Year in Review: 2020

19Dec20

This year a couple of my poems found homes: The Undertow of the World is over at Cypress, and a poem called “Dictators at Night” can be found in the new, winter issue of Taddle Creek. It’s easy to subscribe online (not to mention quite affordable in Canada). As always, here are some thoughts on favourite books of the year including nonfiction, novels and stories as well as graphic novels.

Essays: Notes of a Native Son (James Baldwin) is a collection of essays published in the 1950s but still relevant today. I reached for my highlighter often. Here’s one of the many statements that struck me as very perceptive: “I imagine that one of the reasons people cling to their hates so stubbornly is because they sense, once hate is gone, that they will be forced to deal with pain.” 

The Mystery Shopping Cart (Anita Lahey) is both essays and interviews. Lahey deserves thanks for so frequently engaging with other writers over the years.

Be Scared of Everything: Horror Essays (Peter Counter) is a set of concise, articulate essays that actually draws from a variety of cultural sources, from horror films to some of the more bizarre alleys of the Internet. A full review can be found a little further down on this blog.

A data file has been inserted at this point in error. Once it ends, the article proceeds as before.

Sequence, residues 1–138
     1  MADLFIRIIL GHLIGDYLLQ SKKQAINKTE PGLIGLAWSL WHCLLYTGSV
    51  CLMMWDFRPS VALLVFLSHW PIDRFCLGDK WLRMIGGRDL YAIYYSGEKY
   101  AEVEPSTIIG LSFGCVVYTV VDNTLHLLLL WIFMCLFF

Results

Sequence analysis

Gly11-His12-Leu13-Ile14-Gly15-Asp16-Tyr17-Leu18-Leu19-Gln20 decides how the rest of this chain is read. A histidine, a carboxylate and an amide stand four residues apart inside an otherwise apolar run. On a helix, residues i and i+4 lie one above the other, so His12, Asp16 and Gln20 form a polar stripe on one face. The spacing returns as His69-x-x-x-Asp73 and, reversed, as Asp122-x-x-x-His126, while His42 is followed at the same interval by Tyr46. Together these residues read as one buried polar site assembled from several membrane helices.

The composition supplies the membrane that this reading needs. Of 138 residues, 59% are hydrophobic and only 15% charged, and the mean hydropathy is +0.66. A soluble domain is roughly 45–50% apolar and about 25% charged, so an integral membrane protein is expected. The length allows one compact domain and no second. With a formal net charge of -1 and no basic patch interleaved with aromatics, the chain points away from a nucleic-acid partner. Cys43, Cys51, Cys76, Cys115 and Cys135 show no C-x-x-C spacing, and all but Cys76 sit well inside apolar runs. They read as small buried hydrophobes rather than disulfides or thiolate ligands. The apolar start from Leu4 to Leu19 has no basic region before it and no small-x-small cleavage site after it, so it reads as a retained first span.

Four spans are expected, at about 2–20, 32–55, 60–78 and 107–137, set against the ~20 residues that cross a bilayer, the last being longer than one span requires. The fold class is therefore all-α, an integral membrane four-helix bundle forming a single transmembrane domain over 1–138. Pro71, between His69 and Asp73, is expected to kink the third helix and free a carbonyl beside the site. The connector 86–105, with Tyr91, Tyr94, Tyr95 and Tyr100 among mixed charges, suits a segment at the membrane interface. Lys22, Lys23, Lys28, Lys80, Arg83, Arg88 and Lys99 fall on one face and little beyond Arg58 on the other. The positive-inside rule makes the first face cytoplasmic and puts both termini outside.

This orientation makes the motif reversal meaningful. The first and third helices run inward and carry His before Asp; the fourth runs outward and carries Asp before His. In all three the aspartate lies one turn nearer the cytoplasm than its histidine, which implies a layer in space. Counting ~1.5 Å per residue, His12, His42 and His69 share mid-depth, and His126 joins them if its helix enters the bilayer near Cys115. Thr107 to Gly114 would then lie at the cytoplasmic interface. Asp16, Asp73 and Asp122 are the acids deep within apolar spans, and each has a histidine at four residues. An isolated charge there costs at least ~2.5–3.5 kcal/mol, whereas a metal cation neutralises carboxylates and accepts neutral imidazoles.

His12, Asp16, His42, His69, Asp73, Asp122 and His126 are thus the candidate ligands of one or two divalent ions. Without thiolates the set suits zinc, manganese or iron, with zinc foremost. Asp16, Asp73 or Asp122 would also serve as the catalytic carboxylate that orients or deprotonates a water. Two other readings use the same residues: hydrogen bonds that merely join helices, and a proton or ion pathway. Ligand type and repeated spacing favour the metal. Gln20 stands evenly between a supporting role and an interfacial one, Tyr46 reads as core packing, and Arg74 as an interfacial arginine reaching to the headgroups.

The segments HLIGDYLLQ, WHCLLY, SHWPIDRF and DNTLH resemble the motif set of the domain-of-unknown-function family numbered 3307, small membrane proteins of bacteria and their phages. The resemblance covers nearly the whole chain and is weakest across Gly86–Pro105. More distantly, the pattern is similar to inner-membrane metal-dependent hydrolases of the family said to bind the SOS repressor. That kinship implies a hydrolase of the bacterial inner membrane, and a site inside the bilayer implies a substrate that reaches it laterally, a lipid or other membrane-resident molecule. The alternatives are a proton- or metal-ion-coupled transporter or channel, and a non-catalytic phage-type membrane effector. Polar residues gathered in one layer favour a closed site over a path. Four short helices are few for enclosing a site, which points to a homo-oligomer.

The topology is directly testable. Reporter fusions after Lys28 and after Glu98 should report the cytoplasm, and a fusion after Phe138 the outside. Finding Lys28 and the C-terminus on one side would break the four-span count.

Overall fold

Impossible Owls (Brian Phillips) is series of long, thoughtful and well-written essays on obscure subjects – like Sumo wrestlers – and comes highly recommended.  

Novels: True Grit (Charles Portis) and Hard Rain Falling (Carpenter) were two of my favourite novels of the year. Both were hard-hitting, compelling and highly descriptive in an accessible style. 

An Artist of the Floating World (Ishiguro) is a quietly compelling and flawlessly written story, not to mention a poignant one.  

Memoirs of an Infantry Officer (Siegfried Sassoon) is what I assume to be a memoir wearing a thin disguise as a novel. I was struck by description like this: “In 1917 I was only beginning to learn that life, for the majority of the population, is an unlovely struggle against unfair odds, culminating in a cheap funeral.” This after a description of a British soldier with “a horribly smashed head.” Sassoon describes a mug of “reviving but trench-flavoured tea.” Meeting the Colonel during a conflict he feels he has “no business to be there at all, let alone helping to make a hole in the Colonel’s cake, which was a jolly good one.” Or the absurdity of a fairly sadistic doctor who appears to enjoy upsetting the soldiers under his care. Sassoon asks about a few weeks in the country and the reply comes: “You’ll stay here; and when you leave here, you’ll find yourself back at the front in double-quick time. How d’you like that idea?” Sassoon feels like hitting him, but in the end assumes someone else will do it.